- Generally, life insurance proceeds you receive as a beneficiary due to the death of the insured person, aren't includable in gross income and you don't have to report them.
- However, any interest you receive is taxable and you should report it as interest received. See Topic 403 for more information about interest.
- If the policy was transferred to you for cash or other valuable consideration, the exclusion for the proceeds is limited to the sum of the consideration you paid, additional premiums you paid, and certain other amounts. There are some exceptions to this rule. Generally, you report the taxable amount based on the type of income document you receive, such as a Form 1099-INT or Form 1099-R. For additional information, see Publication 525, Taxable and Nontaxable Income.
You must report as income any amount you receive for your disability through an accident or health insurance plan paid for by your employer:
- If both you and your employer have paid the premiums for the plan, only the amount you receive for your disability that's due to your employer's payments is reported as income.
- If you pay the entire cost of a health or accident insurance plan, don't include any amounts you receive for your disability as income on your tax return.
- If you pay the premiums of a health or accident insurance plan through a cafeteria plan, and you didn't include the amount of the premium as taxable income to you, the premiums are considered paid by your employer, and the disability benefits are fully taxable.
- If the amounts are taxable, you can submit a Form W-4S, Request for Federal Income Tax Withholding From Sick Pay, to the insurance company, or make estimated tax payments by filing Form 1040-ES, Estimated Tax for Individuals.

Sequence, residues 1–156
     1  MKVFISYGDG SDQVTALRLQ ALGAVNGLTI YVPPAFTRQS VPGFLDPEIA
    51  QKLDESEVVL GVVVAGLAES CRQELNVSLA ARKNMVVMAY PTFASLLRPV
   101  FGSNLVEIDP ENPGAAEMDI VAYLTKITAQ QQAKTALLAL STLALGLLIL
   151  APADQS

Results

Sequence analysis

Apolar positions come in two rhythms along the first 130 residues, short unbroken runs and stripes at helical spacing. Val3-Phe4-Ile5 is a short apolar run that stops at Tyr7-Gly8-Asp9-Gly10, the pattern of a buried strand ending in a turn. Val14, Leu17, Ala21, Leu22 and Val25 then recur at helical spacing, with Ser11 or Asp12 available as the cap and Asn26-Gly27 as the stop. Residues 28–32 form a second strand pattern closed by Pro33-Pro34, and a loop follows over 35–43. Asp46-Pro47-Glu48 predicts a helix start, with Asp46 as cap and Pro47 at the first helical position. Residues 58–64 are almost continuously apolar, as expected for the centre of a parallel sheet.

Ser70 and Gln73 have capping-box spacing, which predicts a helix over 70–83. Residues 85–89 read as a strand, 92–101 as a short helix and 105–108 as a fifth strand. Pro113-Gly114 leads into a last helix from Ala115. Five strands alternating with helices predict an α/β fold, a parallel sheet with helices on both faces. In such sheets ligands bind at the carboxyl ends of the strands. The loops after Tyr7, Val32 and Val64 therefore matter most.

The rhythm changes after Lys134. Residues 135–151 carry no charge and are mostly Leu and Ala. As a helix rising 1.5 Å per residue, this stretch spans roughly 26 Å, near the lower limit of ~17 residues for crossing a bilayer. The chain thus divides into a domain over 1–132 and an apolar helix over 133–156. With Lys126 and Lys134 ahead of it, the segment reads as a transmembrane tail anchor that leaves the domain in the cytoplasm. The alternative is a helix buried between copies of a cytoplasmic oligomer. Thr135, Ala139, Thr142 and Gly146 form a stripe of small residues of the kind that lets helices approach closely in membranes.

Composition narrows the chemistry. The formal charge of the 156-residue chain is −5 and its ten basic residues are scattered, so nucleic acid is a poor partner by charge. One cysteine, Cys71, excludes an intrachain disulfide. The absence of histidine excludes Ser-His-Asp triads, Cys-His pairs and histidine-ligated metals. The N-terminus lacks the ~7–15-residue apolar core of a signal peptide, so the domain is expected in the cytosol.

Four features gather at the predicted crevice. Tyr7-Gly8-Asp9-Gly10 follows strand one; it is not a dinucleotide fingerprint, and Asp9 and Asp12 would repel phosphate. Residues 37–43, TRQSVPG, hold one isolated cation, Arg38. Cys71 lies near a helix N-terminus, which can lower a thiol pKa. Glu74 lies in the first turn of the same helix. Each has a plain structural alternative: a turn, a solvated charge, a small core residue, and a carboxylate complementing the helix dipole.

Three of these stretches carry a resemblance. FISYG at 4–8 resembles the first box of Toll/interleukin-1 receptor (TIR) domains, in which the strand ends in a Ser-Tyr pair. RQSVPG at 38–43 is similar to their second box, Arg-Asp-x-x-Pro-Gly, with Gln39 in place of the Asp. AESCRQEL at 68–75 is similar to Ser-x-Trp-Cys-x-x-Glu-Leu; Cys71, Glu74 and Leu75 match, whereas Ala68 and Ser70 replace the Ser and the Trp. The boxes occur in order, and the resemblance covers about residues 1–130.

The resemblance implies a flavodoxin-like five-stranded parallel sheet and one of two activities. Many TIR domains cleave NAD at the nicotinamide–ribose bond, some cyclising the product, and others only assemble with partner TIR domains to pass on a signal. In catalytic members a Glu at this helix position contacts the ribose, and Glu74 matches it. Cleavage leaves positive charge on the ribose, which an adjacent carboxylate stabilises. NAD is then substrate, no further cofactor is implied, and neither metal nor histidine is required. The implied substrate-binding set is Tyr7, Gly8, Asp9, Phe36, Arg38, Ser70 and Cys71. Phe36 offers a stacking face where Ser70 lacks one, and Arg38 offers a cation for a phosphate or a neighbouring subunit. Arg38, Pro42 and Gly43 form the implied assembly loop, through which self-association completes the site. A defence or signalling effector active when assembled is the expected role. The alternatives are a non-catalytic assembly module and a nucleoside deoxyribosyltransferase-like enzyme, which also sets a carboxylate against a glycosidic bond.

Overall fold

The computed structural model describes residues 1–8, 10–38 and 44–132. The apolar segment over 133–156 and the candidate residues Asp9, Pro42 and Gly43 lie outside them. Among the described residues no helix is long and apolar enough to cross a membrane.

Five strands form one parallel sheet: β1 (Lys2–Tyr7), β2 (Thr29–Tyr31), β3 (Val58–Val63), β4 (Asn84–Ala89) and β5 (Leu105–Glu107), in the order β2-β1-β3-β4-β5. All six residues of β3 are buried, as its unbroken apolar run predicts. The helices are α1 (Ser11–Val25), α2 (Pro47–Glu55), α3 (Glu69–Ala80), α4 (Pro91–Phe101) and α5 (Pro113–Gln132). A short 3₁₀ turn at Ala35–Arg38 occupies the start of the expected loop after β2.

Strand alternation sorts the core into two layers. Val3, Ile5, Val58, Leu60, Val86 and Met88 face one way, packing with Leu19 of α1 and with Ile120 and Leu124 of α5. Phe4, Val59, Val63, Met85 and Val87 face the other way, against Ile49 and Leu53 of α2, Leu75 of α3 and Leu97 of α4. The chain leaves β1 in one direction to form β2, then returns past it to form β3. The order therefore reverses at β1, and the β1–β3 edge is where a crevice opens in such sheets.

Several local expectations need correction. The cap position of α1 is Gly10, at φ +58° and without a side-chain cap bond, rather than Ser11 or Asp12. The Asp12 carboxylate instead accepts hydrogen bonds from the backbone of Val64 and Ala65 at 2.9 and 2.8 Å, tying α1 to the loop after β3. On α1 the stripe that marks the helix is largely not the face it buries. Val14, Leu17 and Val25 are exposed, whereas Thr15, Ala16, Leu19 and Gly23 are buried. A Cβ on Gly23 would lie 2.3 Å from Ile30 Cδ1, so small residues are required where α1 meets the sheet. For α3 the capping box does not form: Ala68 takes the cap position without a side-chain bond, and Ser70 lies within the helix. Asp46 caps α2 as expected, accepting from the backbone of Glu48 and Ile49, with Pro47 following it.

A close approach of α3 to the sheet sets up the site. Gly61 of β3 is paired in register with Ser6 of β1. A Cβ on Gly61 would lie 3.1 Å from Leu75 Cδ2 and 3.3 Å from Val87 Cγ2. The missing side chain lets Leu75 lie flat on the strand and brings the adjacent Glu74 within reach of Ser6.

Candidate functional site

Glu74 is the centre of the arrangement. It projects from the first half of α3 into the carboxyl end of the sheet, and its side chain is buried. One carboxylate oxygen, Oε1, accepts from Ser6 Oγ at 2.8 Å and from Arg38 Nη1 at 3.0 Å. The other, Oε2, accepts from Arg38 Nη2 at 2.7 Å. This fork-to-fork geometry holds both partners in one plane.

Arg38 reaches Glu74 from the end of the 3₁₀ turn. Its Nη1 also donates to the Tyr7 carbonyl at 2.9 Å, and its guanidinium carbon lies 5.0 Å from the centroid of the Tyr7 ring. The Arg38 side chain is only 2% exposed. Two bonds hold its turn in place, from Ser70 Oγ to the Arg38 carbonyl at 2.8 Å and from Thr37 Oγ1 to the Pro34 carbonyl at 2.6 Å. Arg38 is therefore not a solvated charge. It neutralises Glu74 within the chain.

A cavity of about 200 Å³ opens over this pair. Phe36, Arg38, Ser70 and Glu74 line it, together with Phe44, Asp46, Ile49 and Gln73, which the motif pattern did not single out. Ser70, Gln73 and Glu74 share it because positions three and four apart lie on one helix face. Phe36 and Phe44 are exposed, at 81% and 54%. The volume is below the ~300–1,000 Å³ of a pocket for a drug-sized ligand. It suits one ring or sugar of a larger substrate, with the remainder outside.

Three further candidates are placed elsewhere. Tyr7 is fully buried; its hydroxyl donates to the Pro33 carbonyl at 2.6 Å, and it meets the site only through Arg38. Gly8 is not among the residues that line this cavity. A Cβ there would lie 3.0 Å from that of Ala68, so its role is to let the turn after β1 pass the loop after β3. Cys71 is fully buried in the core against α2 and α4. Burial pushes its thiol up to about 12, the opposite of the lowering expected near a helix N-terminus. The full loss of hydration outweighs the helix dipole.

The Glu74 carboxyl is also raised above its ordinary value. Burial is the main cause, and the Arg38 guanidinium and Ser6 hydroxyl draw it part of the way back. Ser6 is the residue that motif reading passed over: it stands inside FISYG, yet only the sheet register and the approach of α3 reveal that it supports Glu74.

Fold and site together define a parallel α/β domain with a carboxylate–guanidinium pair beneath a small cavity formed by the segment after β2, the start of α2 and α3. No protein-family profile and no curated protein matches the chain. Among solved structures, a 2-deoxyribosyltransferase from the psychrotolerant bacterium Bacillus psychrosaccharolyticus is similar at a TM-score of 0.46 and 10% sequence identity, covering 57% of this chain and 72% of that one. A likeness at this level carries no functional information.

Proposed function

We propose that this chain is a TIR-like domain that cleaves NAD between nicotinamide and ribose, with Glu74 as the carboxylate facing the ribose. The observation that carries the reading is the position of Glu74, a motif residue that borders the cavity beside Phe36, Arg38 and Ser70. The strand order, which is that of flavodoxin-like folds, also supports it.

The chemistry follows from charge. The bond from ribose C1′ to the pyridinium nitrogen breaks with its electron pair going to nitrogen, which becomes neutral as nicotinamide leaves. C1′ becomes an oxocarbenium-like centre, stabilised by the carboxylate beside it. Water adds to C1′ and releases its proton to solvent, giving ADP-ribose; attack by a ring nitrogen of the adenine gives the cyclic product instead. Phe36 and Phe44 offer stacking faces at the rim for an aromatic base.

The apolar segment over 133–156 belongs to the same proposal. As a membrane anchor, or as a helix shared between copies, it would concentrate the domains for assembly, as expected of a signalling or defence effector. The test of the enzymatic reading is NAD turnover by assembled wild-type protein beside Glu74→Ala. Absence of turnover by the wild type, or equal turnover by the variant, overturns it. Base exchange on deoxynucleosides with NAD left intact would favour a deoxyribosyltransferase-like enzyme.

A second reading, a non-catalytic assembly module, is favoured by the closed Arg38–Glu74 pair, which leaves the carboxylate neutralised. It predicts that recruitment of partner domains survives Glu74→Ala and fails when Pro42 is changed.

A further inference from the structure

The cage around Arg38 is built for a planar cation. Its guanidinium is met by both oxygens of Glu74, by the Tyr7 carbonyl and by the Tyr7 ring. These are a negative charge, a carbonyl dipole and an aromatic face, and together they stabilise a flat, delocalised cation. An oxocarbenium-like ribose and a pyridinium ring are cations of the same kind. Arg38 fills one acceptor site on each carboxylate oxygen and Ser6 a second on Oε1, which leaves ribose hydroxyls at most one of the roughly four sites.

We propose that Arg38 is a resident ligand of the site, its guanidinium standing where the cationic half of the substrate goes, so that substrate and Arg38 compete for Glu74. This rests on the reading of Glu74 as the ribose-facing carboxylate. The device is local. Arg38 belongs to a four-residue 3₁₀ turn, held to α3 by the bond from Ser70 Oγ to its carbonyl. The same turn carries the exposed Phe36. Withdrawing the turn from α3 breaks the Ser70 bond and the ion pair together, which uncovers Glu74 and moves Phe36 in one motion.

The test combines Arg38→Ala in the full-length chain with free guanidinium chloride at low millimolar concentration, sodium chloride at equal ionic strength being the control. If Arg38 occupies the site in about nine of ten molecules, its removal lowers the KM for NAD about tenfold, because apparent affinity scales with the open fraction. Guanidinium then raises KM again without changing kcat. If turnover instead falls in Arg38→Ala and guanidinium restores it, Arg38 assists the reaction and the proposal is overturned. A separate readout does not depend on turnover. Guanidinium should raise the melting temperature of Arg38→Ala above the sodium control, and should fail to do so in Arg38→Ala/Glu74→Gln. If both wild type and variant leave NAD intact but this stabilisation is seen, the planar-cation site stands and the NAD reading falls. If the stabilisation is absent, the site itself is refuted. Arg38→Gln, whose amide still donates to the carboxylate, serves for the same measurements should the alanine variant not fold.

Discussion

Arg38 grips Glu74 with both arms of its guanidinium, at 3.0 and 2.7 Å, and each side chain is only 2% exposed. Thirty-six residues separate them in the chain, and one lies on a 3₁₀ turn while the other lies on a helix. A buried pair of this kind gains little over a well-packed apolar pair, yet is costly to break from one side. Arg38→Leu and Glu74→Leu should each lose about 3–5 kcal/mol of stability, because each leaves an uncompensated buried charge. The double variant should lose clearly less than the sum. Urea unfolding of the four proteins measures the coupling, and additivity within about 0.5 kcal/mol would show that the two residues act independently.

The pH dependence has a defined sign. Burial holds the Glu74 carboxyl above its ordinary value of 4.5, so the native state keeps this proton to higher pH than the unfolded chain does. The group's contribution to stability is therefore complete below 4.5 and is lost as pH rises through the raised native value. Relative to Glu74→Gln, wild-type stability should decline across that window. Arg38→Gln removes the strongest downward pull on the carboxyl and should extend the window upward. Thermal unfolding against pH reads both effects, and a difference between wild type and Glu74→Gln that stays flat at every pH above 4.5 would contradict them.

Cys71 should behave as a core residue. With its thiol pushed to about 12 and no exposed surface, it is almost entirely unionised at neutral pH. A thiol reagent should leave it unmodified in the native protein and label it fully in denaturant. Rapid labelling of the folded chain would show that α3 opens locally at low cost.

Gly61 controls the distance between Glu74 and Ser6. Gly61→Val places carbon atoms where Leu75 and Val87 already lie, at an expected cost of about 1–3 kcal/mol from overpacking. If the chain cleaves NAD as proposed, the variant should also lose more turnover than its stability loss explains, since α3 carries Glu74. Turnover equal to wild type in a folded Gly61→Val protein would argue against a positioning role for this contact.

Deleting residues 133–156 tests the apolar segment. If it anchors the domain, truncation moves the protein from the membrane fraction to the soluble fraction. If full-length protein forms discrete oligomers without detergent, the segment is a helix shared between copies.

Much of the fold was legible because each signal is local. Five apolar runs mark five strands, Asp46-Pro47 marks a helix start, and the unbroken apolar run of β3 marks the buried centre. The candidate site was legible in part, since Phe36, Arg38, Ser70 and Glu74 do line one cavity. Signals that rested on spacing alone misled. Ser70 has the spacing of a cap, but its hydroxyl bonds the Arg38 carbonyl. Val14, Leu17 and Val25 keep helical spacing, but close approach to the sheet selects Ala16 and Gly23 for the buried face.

Amounts you receive from your employer while you're sick or injured are part of your salary or wages.
- Report the amount you receive on the line "Wages, salaries, ..." on Form 1040, Form 1040A, U.S. Individual Income Tax Return, or Form 1040EZ, Income Tax Return for Single and Joint Filers With No Dependents.
- You must include in your income sick pay from any of the following:
- A welfare fund
- A state sickness or disability fund
- An association of employers or employees
- An insurance company, if your employer paid for the plan
You can generally exclude from income payments you receive from qualified long-term care insurance contracts as reimbursement of medical expenses received for personal injury or sickness under an accident and health insurance contract. Also, you can exclude from income certain payments received under a life insurance contract on the life of a terminally or chronically ill individual (accelerated death benefits). Refer to Publication 907, Tax Highlights for Persons with Disabilities.
You may be able to deduct your out-of-pocket expenses for medical care above any reimbursements, if you're eligible to itemize your deductions. You'll need to review Publication 502, Medical and Dental Expenses.
For more information, refer to Publication 907.